Women’s March in Washington DC Majority White Protesters

White House

On January 21, 2017, I marched in the Women’s March at Washington D.C., and I came back from the experience rejuvenated, inspired, and hopeful for the tough years ahead.

For me, the march began when I picked up my poster and stepped out the door of my hotel room. Every door I walked by in the hallway was a potential threat; every person I walked by was a possible assailant. Being an Asian woman, I am always scanning every room I walk into for the most dangerous person and deriding myself when I let my guard down. But in the storm that has always been raging around me, I understood that my protest poster was a lightning rod.

When we arrived the night before, the hotel lobby was full of people who were celebrating that day’s inauguration festivities, swishing around in elaborate and opulant gowns or sporting a red cap with that slogan of racism veiled as patriotism. There were plenty of people who would hate Women’s March protesters there.

The day of the March, the front lobby was filled instead with knitted pink hats, and a middle aged white woman squealed “YAY!” when she saw us file out of the elevator with our signs. I gave her a muted smile, although a high-five may have been more effective for the cause. Why was I restrained? Because I was bracing for an attack.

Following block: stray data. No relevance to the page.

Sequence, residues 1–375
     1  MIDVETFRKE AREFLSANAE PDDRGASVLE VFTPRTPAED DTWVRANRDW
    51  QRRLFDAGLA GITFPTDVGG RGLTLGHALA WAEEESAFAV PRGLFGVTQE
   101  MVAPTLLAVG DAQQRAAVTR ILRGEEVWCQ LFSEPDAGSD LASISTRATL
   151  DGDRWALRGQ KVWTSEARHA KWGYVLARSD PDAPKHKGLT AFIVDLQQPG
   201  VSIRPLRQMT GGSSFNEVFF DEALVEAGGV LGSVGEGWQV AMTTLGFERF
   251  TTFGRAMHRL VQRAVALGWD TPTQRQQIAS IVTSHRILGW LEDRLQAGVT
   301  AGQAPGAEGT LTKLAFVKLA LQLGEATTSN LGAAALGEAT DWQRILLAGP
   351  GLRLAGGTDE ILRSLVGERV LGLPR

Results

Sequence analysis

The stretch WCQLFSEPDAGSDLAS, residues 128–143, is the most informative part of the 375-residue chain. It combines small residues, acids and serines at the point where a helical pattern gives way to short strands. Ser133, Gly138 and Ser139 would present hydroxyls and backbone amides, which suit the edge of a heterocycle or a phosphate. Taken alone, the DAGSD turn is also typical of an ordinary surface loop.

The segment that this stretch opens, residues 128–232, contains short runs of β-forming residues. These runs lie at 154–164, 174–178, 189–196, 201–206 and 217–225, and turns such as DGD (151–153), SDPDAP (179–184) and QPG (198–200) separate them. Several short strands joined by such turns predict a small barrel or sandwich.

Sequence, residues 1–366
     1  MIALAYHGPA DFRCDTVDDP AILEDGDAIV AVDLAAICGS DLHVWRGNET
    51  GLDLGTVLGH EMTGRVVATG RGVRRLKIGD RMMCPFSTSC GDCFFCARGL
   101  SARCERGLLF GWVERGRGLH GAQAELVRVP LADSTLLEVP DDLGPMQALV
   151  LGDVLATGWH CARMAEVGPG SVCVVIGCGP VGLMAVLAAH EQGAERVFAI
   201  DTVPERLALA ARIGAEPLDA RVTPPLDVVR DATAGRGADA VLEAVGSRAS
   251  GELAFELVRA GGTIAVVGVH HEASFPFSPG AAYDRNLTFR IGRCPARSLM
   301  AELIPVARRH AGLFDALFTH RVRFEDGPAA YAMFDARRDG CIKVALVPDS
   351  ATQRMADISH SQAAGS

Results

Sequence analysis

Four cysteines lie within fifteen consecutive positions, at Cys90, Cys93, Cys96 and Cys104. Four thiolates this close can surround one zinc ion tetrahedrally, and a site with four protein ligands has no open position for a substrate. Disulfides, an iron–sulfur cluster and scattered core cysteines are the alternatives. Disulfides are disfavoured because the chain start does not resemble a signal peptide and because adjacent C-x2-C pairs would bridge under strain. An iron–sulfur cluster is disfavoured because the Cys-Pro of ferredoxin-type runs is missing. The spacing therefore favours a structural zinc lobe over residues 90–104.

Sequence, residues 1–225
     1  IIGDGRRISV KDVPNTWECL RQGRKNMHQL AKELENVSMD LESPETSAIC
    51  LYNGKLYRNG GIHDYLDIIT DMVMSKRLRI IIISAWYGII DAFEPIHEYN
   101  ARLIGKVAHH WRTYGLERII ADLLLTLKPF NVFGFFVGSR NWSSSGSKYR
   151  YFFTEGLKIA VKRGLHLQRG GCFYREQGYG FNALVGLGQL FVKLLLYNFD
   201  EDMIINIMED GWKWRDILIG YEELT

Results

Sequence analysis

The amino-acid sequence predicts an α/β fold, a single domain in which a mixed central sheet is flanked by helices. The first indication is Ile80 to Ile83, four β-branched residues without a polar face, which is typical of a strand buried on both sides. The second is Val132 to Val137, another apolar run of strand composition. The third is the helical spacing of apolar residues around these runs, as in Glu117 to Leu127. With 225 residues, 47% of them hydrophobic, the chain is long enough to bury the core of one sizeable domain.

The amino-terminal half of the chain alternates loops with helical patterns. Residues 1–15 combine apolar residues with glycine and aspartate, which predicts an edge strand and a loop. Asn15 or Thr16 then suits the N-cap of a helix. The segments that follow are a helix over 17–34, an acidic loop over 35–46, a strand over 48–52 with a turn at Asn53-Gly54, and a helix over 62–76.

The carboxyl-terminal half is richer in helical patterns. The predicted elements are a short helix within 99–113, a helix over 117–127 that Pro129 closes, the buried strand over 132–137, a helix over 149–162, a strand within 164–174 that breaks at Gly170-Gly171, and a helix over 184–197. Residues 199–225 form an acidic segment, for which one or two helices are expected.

Ready to go. #womensmarch #wmw #womensrightsmovement #womensrightsarehumanrights

A photo posted by Tina Tsai (@tinabot) on

My companions and I had already agreed that if any one of us was attacked that day, despite having all been trained in some form of martial arts, we would not come to each other’s rescue. Instead, we would video record the attack. In preparation for this day, we studied pictures of the Civil Rights Movement and embraced the nonviolent approach that the Women’s March held as a core value.

It broke my heart to think that I may have to watch someone I cared about be beaten, maybe killed that day. It broke my heart to think someone who cared about me would have to see me be beaten, maybe killed right in front of them. John Lewis’ skull was fractured during a march. Marching black children were attacked by police dogs. I couldn’t expect this to be the Lilith Fair of my teenage years.